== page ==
Provocative Book Encouraging Behaviour Change to Save Our Planet Wins Major Award
Auckland professor of psychology Niki Harré has won this year’s $10,000 Ashton Wylie Mind Body Spirit Book Award for The Infinite Game, a work that teaches us how to live and work co-operatively together, for the good of ourselves and the planet.
Ms Harré was honoured with the award in a ceremony held this evening at Auckland’s Royal New Zealand Yacht Squadron.
Awards’ convenor of judges Joan Rosier-Jones says Harré’s book is an intelligent, thoughtful, philosophical view of the difference between the finite and the infinite players in the modern world.
“This is a book that will inspire readers to consider our common future particularly in sustainability and ecological context providing for human well being and to think about what is important to them and use that to inform how they live their lives with less concentration on competition and status and more emphasis on community ,” she says.
In The Infinite Game, Niki Harré asks us to imagine our world anew. What if we are all part of a different type of game entirely – a game in which playing matters more than winning, a game that anyone can join at any time, a game in which rules evolve as new players turn up. Deeply informed by psychological research and a life of social activism, Niki Harré’s provocative book teaches us all how we might live life as an infinite game.
“This year’s finalists were of exceptionally high quality, each of them beautifully produced, compelling works. It made our job in selecting a winner and the runner’s up very difficult,” says Ms Rosier Jones.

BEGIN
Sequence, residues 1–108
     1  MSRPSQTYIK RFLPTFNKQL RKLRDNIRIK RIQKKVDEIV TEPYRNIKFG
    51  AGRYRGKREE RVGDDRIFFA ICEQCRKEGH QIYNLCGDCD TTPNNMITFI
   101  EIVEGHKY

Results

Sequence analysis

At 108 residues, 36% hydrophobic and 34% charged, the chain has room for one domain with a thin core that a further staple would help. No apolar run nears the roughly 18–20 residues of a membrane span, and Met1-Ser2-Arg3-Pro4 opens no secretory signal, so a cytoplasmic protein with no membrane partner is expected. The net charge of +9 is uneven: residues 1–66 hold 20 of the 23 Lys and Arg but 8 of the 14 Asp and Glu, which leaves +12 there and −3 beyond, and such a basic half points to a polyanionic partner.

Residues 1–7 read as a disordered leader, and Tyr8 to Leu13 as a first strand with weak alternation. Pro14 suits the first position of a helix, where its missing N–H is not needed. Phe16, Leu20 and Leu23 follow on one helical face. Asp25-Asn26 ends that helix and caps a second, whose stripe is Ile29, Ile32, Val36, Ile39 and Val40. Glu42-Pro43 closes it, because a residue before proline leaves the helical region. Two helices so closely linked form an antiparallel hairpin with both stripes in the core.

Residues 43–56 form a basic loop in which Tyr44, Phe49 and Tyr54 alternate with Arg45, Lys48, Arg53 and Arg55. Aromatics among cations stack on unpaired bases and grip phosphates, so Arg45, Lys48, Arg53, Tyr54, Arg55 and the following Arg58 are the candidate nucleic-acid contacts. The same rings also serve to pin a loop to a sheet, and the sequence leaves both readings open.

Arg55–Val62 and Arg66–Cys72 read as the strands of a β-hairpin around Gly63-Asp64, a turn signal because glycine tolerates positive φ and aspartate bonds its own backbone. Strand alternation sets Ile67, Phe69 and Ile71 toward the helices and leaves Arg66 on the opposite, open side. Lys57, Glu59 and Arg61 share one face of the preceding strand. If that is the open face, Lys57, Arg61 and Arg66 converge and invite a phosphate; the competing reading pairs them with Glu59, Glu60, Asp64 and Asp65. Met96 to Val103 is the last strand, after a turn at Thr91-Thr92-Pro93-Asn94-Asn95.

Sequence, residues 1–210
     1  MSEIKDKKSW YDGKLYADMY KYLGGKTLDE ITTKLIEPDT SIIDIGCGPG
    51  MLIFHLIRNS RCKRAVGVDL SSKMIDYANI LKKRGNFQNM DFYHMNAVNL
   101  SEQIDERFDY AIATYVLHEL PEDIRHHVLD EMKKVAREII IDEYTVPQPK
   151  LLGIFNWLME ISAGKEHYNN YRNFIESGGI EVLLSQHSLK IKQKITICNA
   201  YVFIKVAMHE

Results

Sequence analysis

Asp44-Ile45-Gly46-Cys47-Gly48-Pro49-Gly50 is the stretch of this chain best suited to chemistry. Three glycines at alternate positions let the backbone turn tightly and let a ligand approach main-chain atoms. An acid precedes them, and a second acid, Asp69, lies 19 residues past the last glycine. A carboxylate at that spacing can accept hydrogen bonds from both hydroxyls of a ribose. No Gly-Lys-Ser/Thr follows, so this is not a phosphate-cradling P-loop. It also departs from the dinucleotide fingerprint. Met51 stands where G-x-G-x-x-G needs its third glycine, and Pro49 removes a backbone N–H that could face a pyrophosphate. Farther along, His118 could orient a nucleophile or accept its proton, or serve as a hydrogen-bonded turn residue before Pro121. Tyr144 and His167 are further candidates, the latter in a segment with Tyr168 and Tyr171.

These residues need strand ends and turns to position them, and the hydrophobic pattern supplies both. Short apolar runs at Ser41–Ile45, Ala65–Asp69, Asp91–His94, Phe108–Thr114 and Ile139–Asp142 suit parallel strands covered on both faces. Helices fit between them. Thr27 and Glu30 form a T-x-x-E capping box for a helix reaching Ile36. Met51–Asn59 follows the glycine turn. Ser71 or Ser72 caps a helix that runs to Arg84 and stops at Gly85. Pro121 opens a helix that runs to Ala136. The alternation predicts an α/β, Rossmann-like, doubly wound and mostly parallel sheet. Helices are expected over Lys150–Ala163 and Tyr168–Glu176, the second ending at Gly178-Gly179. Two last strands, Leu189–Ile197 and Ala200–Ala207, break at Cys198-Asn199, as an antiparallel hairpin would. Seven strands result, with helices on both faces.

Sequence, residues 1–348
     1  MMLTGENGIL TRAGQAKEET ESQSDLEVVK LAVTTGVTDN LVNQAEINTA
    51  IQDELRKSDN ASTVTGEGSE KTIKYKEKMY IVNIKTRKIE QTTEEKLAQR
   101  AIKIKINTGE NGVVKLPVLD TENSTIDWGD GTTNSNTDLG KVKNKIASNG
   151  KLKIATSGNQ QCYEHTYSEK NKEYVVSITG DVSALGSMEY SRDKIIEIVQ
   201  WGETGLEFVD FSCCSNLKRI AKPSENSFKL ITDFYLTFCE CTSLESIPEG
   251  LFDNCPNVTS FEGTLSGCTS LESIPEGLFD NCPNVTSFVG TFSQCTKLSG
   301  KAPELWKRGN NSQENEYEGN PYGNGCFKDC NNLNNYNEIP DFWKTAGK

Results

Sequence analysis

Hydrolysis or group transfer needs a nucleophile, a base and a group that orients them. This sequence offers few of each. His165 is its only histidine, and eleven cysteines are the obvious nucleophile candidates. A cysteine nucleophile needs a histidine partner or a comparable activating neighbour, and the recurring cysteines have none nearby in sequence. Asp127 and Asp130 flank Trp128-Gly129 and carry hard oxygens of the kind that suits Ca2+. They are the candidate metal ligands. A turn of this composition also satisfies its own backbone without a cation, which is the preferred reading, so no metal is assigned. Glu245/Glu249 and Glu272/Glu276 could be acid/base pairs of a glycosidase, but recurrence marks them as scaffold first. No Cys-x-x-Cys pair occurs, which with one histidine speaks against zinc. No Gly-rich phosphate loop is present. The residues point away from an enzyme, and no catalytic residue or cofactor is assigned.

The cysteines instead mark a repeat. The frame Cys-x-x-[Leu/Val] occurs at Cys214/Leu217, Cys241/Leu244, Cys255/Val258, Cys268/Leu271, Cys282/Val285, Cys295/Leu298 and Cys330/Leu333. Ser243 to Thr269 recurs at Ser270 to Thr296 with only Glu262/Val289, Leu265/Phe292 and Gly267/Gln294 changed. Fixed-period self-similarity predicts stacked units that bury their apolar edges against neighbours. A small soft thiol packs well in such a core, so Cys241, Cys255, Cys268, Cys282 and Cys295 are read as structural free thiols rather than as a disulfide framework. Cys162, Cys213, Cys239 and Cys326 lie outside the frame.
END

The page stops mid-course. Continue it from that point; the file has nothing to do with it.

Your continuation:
Matamata resident Averill Richardson won the Unpublished Manuscript category for her work The Love Path.
Ms Rosier-Jones says this year’s Unpublished Manuscript winner uses all of her varied life experiences to produce a well-written, soundly researched work which is also based on empirical evidence.
“The Love Path takes the reader step by step through the exploration of the development of love in humans over a lifetime. Each step has its own dynamic and requires a specific attitude and skill to master. Using Carl Jung’s insight into the integration of science and religion, the manuscript offers us all much food for thought.
“Each of the five manuscript winners are from writers that hold great promise and we sincerely hope they are published and received by a wide audience.”
The judging panel, comprising publisher Bob Ross, writer Joan Rosier-Jones and writer and publisher Keith Hill were unanimous in their overall choice of the winning works, which took the honours from a total of 10 finalists.
The 2019 Ashton Wylie Mind Body Spirit Book Awards’ winners and runners’ up (in order) are:
The Infinite Game by Niki Harré (Auckland University Press) (WINNER)
Into the World: A Handbook for Mystical and Shamanic Practise by Leila Lees (Lasavia Publishing Ltd)
Veil Over Light: Selected Spiritual Writings by Joy Cowley (FitzBeck Publishing)
Standing Upright Here: Global Ethics for the 21st Century by Gwen S Francis (Austin Macauley Publishers Ltd)
He Atua Wahine at the Source of Ancient Māori Healing Wisdom in Aotearoa, New Zealand by Charlotte Mildon (Tamariki Ora Books Ltd)
The Love Path by Averill Nicole Richardson (WINNER)
The Time Lizard's Archaeologist by Trisha Hanifin
The Language of Yin by Gabrielle Harris
You Are Loved: Extraordinary Things Happening to Ordinary People by Anca Joicey
Deva: The Song at the Heart of Matter by Jacquelyn E. Lane
A record number of 57 entries were received in this year’s Unpublished Manuscript category.
The Awards are unique in New Zealand for their encouragement of writing in the mind body spirit genre.
The Ashton Wylie Charitable Trust was established following the death of Ashton Wylie in 1999. Ashton, an Auckland businessman, was a philanthropist with a wide range of interests particularly in the area of spirituality, personal development and positive relationships.